Record rainfall levels in June


Record rainfall levels were recorded across Ireland in June except in parts of Dublin, according to Met Éireann’s weather summary.

It was very wet, cold and dull everywhere in June. Cork Airport recorded its wettest and dullest June since records began there in 1962. A total of 228.3mms (nine inches) fell in the month nearly three times the average.

That was 282 per cent or almost three times the average rainfall. Much of it fell last week when extraordinary downpours brought flash flooding to the city.

There was only 93 hours of sunshine, scarcely half of the monthly average.

The month was characterised by torrential downpours. The heaviest fall of rain was on June 22nd in Malin Head where 50.9mms (two inches) of rain fell in a single day.

The wettest days were on June 7th and 8th when there was rain particularly in the south. Shannon Airport recorded 41.8mms on the 7th, its highest for June since 1947. The number of really wet days (10mms) or more ranged from three at Valentia Observatory to eight at Phoenix Park and Fermoy.

Only Dublin Airport and the Phoenix Park did not have record amounts of rainfall for June.

Mean temperatures were all below average with differences of around 1 degree at Johnstown Castle and Malin Head with both recording their coolest June since 1991.

To cap a thoroughly miserable month, sunshine levels were below average everywhere with only Belmullet (96 per cent) approaching anything near normal.

Unfortunately, the forecast for this week is for the wet weather to continue with sporadic showers.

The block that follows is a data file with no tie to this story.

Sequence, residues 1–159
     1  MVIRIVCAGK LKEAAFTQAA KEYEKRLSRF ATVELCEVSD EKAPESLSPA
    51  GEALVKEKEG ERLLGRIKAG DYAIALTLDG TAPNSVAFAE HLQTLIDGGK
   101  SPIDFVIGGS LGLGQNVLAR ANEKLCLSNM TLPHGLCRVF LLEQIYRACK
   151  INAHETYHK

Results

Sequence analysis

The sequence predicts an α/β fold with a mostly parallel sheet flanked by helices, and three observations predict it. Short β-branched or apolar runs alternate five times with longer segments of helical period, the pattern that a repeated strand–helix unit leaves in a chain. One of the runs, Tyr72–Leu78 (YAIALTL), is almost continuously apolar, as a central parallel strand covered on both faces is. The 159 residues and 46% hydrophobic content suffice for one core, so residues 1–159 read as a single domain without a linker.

“We’re still in for an unsettled week ahead. Everybody is going to get rain. Nobody is going to escape,” said Met Éireann forecaster Gobnait McSweeney.

“We’re going to have some scattered showers. A few of them could be heavy with a risk of thunder.”

Temperatures today will be around normal at between 17 and 20 degrees because of southerly breezes.

A showery band of rain is expected across the country tonight bringing heavy rainfall to the Munster area which has already borne the brunt of the recent flash flooding.

Wednesday will also be a showery day and Thursday will be little better. Friday looks like being the best day of the week.

The long-term rainfall averages for July show the month getting dramatically wetter in recent decades.

The average increase in rainfall in July across the country is 15 per cent, according to Met Éireann’s latest 30-year forecast for the years between 1981 and 2010 in comparison with the previous averages between 1961 and 1990.

On average, rainfall in the west of Ireland is up by 8 per cent and Valentia Observatory in Co Kerry is recording an average of a month’s extra rainfall every year.

However, Met Éireann has cautioned against seeing the increase in extreme rainfall as necessarily indicative of climate change.

The increases in July rainfall may be the result of the wet summers of 2007, 2008 and 2009 and the flood conditions of 2009 which were a once-in-500 years event for many parts of the west of Ireland.

Met Éireann senior climatologist Séamus Walsh said at the launch of the 30-year averages report: “There is no evidence that there is a change in the extreme values of rainfall.”